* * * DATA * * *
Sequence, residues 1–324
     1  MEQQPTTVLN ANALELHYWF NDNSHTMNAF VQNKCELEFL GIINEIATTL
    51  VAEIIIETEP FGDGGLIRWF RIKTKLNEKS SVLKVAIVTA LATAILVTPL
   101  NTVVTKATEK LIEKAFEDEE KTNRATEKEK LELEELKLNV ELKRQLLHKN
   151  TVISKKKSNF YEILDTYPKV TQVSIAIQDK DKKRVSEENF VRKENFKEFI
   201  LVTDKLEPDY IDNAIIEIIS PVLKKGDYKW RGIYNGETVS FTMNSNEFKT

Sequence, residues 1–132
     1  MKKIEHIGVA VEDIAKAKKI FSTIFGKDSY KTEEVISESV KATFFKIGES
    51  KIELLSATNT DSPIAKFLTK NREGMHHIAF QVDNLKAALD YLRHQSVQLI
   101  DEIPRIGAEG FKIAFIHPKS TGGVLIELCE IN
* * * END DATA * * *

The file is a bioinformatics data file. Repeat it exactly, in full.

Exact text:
Sequence, residues 1–324
     1  MEQQPTTVLN ANALELHYWF NDNSHTMNAF VQNKCELEFL GIINEIATTL
    51  VAEIIIETEP FGDGGLIRWF RIKTKLNEKS SVLKVAIVTA LATAILVTPL
   101  NTVVTKATEK LIEKAFEDEE KTNRATEKEK LELEELKLNV ELKRQLLHKN
   151  TVISKKKSNF YEILDTYPKV TQVSIAIQDK DKKRVSEENF VRKENFKEFI
   201  LVTDKLEPDY IDNAIIEIIS PVLKKGDYKW RGIYNGETVS FTMNSNEFKT

Sequence, residues 1–132
     1  MKKIEHIGVA VEDIAKAKKI FSTIFGKDSY KTEEVISESV KATFFKIGES
    51  KIELLSATNT DSPIAKFLTK NREGMHHIAF QVDNLKAALD YLRHQSVQLI
   101  DEIPRIGAEG FKIAFIHPKS TGGVLIELCE IN